Gigot thinks that maybe the two parties can come together and do something about tax reform in 2011. I guess this will come about by the Dems giving up their "strong hands," per Harold Ford's advice. You know, the vast majority of Americans want Don't Ask Don't Tell repealed...maybe it's failing because there are too many Democrats that are still trying to play that strong hand! As soon as they just cede ground to John McCain, that problem will be solved immediately, and I'm sure it will impress all those people who want to see it repealed. "Those legislators really made a tough choice, ignoring our wishes and doing things we don't like...I really respect them for it, A THOUSAND VOTES FOR THOSE GUYS."

What does Weiner think about the President, calling out his own base of supporters? He says that the "critique he gets from his base is different from the one he gets from Mitch McConnell" and that the former side is much more invested in his success than the latter, and they just want to see a competition of ideas and values that feature a champion who's willing to at least debate those ideas in public.

Ford says that the Election Day results means that the Democrats should stop fighting and promoting their ideals and just try to be the best lickers of taint they can be, so that on Election Day in 2012, the GOP can say, "We spent the past two years advancing our arguments and winning debates," and the Dems can say, "We are really good at managing this taint-licking operation, and taints have never been cleaner or shinier. You can eat off of them. Vote for us for more if you want, because if our mighty taint-licking army is reduced by too many people, the momentum we've generated in this massive plan to lick taint may flag, and what then? Will feet not get licked? Will boots not get licked? (...maybe one day you'll let us do a thing that we have traditionally espoused but it's really not that important to us if you're not going to like us...okay, we'll shut up now, and thank you for the tasty taints) VOTE DEMOCRAT 2012.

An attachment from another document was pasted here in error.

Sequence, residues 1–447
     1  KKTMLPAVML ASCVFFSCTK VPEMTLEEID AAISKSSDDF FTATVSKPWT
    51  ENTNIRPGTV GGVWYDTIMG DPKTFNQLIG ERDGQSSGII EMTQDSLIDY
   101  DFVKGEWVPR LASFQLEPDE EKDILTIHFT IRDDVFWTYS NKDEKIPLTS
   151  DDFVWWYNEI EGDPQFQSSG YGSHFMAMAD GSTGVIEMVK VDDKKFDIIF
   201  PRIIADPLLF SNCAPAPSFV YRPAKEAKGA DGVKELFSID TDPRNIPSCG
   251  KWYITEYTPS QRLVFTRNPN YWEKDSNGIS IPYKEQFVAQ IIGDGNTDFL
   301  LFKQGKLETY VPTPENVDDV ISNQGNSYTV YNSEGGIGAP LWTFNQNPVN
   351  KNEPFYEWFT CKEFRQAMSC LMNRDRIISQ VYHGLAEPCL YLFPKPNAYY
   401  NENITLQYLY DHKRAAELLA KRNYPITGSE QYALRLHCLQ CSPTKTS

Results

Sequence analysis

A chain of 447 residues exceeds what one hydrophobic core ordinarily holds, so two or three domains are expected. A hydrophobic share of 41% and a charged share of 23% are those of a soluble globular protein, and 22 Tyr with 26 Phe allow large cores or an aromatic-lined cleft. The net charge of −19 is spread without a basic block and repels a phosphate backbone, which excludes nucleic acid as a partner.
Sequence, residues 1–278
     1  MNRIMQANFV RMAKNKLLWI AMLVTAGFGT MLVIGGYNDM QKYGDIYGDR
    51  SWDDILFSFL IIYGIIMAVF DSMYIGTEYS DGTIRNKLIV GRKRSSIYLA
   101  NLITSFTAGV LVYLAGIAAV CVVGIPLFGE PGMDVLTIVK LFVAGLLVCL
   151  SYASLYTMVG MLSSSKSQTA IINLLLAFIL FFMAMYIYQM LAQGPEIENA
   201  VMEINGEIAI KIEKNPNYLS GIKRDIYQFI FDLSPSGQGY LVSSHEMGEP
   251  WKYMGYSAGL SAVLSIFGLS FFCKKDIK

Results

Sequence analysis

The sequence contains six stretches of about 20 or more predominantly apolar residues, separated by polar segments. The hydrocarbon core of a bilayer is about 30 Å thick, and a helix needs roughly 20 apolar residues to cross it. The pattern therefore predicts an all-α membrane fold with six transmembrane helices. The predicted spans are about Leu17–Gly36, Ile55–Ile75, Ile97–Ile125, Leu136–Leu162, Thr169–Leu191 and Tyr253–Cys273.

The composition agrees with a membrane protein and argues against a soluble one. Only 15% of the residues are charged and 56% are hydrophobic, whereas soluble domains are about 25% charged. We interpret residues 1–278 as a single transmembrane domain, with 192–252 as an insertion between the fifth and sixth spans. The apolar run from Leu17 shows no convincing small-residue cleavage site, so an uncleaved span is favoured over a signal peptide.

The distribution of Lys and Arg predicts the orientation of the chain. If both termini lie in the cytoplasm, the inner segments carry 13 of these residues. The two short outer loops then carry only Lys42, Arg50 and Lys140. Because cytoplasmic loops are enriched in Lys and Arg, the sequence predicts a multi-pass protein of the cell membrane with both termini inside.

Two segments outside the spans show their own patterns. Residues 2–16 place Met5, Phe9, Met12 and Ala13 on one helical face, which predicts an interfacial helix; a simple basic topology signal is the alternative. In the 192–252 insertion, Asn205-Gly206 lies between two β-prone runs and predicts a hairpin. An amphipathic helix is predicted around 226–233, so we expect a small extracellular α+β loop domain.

The rest of the conversation is about how awesome "pragmatism" is, even if it doesn't forestall massive economic collapses or end any expensive wars that have gone on forever, and Harold Ford continuing to sound his Clarion Call For Rolling Over with his Defeat Vuvuzela. Then, Gregory spends a minute or two pretending to have liked Elizabeth Edwards.

And that's it, saints be praised. Time to let all of you get back to your Sunday. Make it a festive one, please! Have a great week!